“I have a large number of constituents who live on a fixed income, [and] as a physician, I know many people spend half of their earnings on prescription drugs,” said Mahmood. “It is very, very sad to know when some people have to spend $400 to $800, just on a monthly insulin cost, and their whole monthly retirement income can be $1,600. That said, she [Kim] just voted against cutting insulin cost.”
Mahmood says another issue he hears about quite often is concern about the state of democracy after the Jan. 6, 2021, attack on Congress.
“People are concerned about our democracy. So many people,” emphasized Mahmood. “I’m here in this country because of freedom.”
“People are concerned about that, and people frequently bring that up.”
Kim, who was inside the Capitol on Jan. 6, 2021 with other lawmakers when the insurrection broke out, voted to certify the Pennsylvania election results, but missed the vote on certifying the Arizona delegates – because, she said, she was waiting for a COVID test. She has strongly condemned the violence that day, and as an alternative to impeachment, introduced a measure to censure President Donald Trump for his actions. Kim did not vote to impeach Trump for his role in the insurrection.
The California district is 60.5% white, 17.4% Asian-American and 18.9% Hispanic. Joe Biden carried the communities in the 40th by nearly 2 percentage points over Donald Trump in the 2020 election.
“Democrats for at least the last couple of cycles have really leaned into the fact that they’re the big tent party, that they have minority interests represented not only through their policies, but through the people that they actually throw up on the ballot,” explained Casey Burgat, Legislative Affairs Program Director at The George Washington University.
“Republicans have been able to make a little bit of inroads it particularly in certain districts and states, and this is one instance of that where they can kind of undercut the fact that you’re it’s not just the party of older, wealthy white people, which historically the republicans have definitely disproportionately swayed that way,” Burgat added.
Kim was one of the first Korean-born women to serve in the House, part of an effort by the GOP to be more diverse.
She was first elected two years ago in an adjacent Congressional district, the 39th, but decided to run in the 40th after redistricting made it more Republican than the one she now represents.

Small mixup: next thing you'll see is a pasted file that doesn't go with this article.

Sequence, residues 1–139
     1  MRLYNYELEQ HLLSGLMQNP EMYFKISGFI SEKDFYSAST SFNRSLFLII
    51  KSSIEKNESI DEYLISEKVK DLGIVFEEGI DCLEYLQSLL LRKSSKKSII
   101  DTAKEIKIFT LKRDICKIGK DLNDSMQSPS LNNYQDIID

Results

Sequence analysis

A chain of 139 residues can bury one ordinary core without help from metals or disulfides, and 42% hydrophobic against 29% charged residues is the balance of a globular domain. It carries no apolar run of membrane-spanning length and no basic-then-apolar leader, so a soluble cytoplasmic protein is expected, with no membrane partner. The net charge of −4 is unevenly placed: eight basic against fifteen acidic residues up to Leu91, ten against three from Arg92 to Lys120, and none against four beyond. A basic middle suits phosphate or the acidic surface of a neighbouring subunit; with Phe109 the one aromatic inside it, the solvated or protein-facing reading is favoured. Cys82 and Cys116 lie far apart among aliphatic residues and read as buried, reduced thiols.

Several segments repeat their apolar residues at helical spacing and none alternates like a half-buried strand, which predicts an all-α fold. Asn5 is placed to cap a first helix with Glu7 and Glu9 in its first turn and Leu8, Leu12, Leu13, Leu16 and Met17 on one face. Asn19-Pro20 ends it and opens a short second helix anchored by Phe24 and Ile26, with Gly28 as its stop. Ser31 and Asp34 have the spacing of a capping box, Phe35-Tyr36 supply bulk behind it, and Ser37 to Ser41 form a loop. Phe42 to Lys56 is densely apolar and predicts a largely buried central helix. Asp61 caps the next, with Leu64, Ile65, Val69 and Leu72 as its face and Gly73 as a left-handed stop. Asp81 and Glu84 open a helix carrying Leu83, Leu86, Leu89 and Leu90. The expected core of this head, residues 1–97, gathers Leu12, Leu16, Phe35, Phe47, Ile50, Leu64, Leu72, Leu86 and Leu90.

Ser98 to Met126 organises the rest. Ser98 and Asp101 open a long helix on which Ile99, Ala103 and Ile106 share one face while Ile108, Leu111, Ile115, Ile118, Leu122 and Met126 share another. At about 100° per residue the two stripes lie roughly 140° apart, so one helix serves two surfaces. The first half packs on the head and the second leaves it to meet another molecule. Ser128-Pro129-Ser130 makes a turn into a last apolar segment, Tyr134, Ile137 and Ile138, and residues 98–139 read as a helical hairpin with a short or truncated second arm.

“It seems that she made that choice to come and run in that district that would probably be more friendly towards her, rather than running against Linda Sanchez, who is a longtime Democrat incumbent,” said Sara Sadhwani, an assistant professor of politics at Pomona College.
“I think she would have had a very hard time staying and trying to run in those areas,” added Sadhwani, who is a member of the California’s Citizens Redistricting Commission which helped to redraw the state’s congressional districts.
Kim says she is undeterred by the challenges a new district represents.
“These are the communities that I’m very familiar with, it does have some of my overlapping districts,” explained Kim. “I worked here when I was a congressional staffer [for Congressman Ed Royce], and now we have been working really hard the last year or so, as we tried to get to know and reintroduce myself in the new 40th.”
It remains to be seen if voters will send her back to Washington.
“Orange County was home to a strong Republican contingent of voters not that long ago. And in 2018, we saw the quote unquote, blue wave come to California, and Orange County was ground 04 for those districts kind of turning hands and changing and Orange County voters electing Democrats in ways that we had never seen before,” said Sadhwani.
“Where this new 40th District lies, whether or not that change has quite come there, again, a pretty affluent, predominantly white neighborhoods,” added Sadhwani. “So these are very exclusive areas tending more Republican. So I think, of course, have taking that middle road for Kim will help her with some voters. There are some voters who have left the Republican Party and are never going to look back. At the same time, there are some who continue to pledge their allegiance to Donald Trump, and would want to see her closer to Trump.”